JERUSALEM (Reuters) - Prime Minister Benjamin Netanyahu will have two more weeks to form a new government after he asked Israel’s president on Monday to extend a 28-day period to form a coalition following his election victory.
Netanyahu’s right-wing Likud party came out on top in the March 17 election, winning 30 of parliament’s 120 seats and defeating its main rival, the center-left Zionist Union led by Isaac Herzog.
Likud has been negotiating with far-right and ultra-Orthodox parties, and with a centrist faction, to form what would be the most right-wing administration in Israel’s history. It would control 67 parliamentary seats.
“We made progress and we are on the way to forming a government, but I need additional time for it to be stable and to reach agreements on important issues that will help us meet all the challenges facing Israel,” Netanyahu said during a meeting with President Reuven Rivlin.
Rivlin granted him the 14-day extension, as expected.
The request was not unusual in a country where no one party has ever won an outright majority in a parliamentary election and negotiations among potential political partners over cabinet posts and policy have often gone down to the wire.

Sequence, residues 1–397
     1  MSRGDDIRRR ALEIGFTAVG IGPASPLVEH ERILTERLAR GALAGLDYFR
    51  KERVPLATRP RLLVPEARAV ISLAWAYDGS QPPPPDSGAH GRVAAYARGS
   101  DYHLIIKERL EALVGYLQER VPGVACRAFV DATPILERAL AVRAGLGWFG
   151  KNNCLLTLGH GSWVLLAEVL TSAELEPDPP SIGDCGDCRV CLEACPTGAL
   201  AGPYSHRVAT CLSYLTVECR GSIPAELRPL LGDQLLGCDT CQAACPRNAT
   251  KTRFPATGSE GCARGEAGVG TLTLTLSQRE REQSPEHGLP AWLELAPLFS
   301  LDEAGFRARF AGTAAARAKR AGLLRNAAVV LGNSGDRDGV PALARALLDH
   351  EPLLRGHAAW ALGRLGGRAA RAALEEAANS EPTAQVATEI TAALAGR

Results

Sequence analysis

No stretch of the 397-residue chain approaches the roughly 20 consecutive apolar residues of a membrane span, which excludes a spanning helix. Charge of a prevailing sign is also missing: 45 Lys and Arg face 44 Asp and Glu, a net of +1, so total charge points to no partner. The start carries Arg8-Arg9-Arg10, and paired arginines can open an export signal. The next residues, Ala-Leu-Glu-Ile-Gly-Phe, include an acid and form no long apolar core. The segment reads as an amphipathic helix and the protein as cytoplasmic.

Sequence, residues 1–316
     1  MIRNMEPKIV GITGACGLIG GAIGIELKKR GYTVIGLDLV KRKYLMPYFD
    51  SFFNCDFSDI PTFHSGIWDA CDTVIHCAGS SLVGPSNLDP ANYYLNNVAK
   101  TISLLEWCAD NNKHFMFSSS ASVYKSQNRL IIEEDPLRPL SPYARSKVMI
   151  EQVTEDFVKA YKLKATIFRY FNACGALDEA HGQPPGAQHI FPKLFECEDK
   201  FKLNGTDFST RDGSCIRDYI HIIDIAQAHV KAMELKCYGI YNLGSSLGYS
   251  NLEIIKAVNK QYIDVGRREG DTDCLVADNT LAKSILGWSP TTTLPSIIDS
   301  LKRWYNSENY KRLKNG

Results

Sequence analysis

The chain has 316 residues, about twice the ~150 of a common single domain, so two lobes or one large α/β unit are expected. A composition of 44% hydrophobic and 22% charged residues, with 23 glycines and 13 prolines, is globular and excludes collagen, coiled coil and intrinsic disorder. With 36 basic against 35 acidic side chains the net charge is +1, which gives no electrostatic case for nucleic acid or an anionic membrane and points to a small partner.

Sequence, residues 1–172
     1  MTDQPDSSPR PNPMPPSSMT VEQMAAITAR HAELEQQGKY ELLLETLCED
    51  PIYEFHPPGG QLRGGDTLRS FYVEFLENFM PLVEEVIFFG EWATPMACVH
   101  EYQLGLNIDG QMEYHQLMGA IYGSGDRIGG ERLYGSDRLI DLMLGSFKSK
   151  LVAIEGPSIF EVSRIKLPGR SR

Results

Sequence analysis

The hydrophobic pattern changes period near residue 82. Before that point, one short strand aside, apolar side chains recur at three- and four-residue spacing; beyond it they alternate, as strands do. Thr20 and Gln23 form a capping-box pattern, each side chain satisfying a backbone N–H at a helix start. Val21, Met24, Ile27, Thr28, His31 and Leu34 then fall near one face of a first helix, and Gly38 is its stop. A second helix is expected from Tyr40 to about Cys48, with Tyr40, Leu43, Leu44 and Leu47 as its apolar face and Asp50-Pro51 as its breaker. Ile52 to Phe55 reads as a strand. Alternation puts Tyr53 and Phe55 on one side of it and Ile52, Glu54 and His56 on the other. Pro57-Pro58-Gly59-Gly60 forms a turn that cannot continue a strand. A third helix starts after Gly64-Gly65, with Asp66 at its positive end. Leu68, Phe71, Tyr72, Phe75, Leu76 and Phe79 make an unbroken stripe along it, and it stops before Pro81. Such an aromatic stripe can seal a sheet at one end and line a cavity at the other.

Netanyahu has largely kept a lid on details of the talks, focusing instead in his public remarks on Israel’s opposition to a framework nuclear deal that its main ally, the United States, and five other world powers reached with Iran on April 2.
Political commentators have cited the allocation of cabinet portfolios as the main sticking point in the coalition negotiations.
Their slow pace has raised speculation that Netanyahu, who would serve a fourth term as prime minister, could opt for a broader coalition with Zionist Union.
But Herzog has largely dismissed that possibility, insisting that Zionist Union was keen to embrace a role as opposition leader.
If Netanyahu fails to win the support of at least 61 legislators in the next two weeks - a scenario political commentators see as unlikely - Rivlin can ask another member of parliament to try to put together a government.
Editing by Jeffrey Heller and Angus MacSwan